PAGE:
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Analysis of Day Two of Alito Hearings: Part II

ROBERT SIEGEL, host:

From NPR News, this is ALL THINGS CONSIDERED. I'm Robert Siegel.

MICHELE NORRIS, host:

And I'm Michele Norris.

We're joined again by Douglas Kmiec and Jeffrey Rosen for more analysis on the Samuel Alito hearings.

I'd like to move on to the other marquee issues of the day, the separation of powers and presidential powers. On the separation of powers and in the case of the United States vs. Rybar, I'm wondering, Douglas Kmiec, if you were at all surprised by Judge Alito's candor.

Professor DOUGLAS KMIEC (Pepperdine University): I wasn't surprised by his candor and I think he stated the law accurately. He pointed out that his decision in the Rybar case, which was a dissent that indicated that Congress didn't have the power in his judgment to punish the possession of a machine gun, was a very narrow ruling and one that could be easily conquered by a redrafting of the statute to include a jurisdictional element or some congressional findings. And he was quite candid in saying that the scope of the commerce power, while it was attempted to be limited by the Rehnquist court, that many of those limitations attempted by Justice Rehnquist have now been eclipsed by later opinions in the Rehnquist court, most notably opinions from last term. So he largely conceded the existence of the greatest power that Congress has to regulate the environment, health and safety and a whole host of questions, and that should be quite reassuring to every member of the Senate panel.

NORRIS: Just quickly before we move on, you were not surprised by his candor. Jeffrey, what about you?

Professor JEFFREY ROSEN (George Washington University Law School): Candor? I don't know that that's the word that I would use. I thought that in the federalism case, as in the question of presidential power, he really left it possible to read into his answers whatever either side thought. And when Senator Feinstein pressed him about federalism and said, `Didn't you call the Lopez decision a revolution, and do you agree that it was a seismic event?' he said, `Yes, it was very dramatic,' and really left it--in other words, he didn't reassure people like me who are unsure about whether he'd really be a partisan of strict limitations on congressional power or not.

NORRIS: And just a few other quick things before we let both of you go. There were some interesting gymnastics today when Judge Alito distanced himself from positions taken by Robert Bork, the conservative nominee who never made it past confirmation, someone he's praised in the past. Jeffrey, was this an awkward moment?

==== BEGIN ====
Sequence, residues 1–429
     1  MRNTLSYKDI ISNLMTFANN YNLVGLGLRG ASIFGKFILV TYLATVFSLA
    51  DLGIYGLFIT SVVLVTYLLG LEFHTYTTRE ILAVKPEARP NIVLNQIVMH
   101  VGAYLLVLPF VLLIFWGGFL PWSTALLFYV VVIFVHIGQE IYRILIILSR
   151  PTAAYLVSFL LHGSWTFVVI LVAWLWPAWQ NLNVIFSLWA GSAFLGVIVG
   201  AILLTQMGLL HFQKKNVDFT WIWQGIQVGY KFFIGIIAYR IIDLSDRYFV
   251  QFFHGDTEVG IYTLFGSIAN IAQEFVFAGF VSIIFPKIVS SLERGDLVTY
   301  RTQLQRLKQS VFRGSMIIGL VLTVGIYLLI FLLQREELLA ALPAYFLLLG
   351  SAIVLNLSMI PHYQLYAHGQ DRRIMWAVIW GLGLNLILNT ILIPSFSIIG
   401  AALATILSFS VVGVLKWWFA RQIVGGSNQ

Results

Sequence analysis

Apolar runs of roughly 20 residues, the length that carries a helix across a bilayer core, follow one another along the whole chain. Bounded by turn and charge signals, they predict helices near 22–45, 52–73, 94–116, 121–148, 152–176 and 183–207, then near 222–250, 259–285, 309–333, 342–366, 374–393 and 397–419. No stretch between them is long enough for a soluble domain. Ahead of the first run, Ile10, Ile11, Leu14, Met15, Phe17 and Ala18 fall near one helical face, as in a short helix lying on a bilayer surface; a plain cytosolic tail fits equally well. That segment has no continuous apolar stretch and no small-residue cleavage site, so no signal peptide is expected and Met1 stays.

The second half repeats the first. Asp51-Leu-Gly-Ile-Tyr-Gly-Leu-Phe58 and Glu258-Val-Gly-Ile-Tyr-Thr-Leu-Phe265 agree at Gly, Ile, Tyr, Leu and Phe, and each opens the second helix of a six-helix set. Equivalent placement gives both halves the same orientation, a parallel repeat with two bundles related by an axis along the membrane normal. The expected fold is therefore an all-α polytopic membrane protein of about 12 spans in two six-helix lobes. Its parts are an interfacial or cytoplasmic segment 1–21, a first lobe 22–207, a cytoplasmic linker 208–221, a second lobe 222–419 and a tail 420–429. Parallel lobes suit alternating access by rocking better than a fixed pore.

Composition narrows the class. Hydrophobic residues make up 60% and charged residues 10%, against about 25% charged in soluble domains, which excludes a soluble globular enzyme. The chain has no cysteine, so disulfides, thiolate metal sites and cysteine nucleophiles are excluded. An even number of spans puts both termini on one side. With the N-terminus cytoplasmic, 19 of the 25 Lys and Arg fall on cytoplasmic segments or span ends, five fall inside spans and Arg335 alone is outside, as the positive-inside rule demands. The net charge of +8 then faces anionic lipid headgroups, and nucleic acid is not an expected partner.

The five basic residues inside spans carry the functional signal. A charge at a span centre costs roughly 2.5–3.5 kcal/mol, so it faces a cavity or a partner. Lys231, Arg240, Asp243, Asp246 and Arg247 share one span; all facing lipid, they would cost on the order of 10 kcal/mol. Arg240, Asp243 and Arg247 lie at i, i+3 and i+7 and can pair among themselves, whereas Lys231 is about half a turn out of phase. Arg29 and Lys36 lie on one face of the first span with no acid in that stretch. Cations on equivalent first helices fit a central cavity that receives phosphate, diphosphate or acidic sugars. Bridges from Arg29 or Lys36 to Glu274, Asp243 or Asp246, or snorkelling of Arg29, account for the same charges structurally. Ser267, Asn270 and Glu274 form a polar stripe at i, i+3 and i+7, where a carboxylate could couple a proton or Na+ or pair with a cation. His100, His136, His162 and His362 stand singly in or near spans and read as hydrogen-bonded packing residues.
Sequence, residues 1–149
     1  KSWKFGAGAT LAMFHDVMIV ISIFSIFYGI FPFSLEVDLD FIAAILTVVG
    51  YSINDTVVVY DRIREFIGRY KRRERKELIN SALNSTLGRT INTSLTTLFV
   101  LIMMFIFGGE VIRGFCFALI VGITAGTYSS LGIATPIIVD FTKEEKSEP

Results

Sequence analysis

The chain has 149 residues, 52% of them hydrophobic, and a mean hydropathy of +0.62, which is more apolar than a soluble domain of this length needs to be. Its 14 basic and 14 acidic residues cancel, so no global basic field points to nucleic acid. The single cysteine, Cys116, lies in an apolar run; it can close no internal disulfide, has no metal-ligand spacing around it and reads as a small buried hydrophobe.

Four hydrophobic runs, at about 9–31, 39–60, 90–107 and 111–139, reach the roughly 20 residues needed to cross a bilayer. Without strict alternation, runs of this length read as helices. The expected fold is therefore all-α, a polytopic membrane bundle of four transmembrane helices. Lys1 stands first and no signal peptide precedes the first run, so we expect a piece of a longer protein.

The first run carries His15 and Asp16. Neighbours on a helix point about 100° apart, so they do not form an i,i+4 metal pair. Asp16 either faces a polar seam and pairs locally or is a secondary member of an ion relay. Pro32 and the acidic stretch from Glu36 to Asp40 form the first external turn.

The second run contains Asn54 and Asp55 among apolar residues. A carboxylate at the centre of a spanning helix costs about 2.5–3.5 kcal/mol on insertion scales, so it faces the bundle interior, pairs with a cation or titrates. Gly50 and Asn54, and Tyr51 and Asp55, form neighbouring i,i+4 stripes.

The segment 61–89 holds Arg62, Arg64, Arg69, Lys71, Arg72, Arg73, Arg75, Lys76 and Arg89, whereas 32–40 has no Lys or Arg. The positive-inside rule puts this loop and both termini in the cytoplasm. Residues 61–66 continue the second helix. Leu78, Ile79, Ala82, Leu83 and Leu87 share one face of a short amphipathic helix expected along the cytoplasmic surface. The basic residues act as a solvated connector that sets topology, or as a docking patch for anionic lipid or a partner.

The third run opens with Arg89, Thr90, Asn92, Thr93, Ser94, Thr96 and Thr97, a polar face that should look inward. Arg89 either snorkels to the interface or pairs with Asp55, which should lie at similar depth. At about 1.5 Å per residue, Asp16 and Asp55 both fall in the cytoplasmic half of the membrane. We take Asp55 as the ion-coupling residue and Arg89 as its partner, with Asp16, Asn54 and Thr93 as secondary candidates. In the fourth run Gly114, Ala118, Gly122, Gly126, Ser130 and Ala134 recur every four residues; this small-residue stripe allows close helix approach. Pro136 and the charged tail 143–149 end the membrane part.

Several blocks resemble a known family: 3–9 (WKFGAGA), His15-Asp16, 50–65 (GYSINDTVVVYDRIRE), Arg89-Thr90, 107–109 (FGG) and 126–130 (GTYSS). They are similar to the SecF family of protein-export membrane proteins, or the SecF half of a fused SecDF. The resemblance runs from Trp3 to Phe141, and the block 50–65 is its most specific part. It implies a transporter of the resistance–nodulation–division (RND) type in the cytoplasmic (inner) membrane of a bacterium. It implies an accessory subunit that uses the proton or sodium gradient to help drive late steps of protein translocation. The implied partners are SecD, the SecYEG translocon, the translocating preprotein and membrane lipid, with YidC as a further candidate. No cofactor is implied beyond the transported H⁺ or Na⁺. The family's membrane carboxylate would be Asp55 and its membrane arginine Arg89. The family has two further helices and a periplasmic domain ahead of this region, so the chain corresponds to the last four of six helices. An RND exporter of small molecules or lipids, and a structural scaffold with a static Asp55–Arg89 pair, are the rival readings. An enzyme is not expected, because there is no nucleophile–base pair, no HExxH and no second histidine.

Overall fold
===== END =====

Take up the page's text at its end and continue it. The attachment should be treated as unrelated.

Prof. ROSEN: I thought this was one of the more revealing moments. The fact that he said graciously 'cause he said he supported Bork but firmly, `There are several things I disagree with Judge Bork about, in particular the existence of a right to use contraception,' and also the one man-one vote decisions which he'd previously criticized--I thought that there at least he reassured people who were concerned the he would go much further. But on the other hand, on all the other controversial issues on Bush vs. Gore and particular about presidential power, this was really the central question that he was pressed on again and again, and he refused to say whether or not he thought that the president's current domestic spying program violated congressional statutes. And he also refused to determine whether he'd be more like Justice Thomas, who imposed few limitations on presidential power, or like Scalia, who has lots of limitations. In that sense, he just kept his cards very close to his vest.

NORRIS: Well, we'll have to leave it at that. Thank you both for joining us.

Prof. KMIEC: Good to be with you.

Prof. ROSEN: Thank you.

NORRIS: Jeffrey Rosen is a professor at George Washington University Law School and legal affairs editor at The New Republic. Douglas Kmiec is chair and professor of constitutional law at Pepperdine University. Transcript provided by NPR, Copyright NPR.